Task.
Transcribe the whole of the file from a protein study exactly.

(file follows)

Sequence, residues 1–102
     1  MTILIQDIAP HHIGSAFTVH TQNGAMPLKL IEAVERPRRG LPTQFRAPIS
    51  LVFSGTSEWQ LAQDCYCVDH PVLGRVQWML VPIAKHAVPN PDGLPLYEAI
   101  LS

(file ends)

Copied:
Sequence, residues 1–102
     1  MTILIQDIAP HHIGSAFTVH TQNGAMPLKL IEAVERPRRG LPTQFRAPIS
    51  LVFSGTSEWQ LAQDCYCVDH PVLGRVQWML VPIAKHAVPN PDGLPLYEAI
   101  LS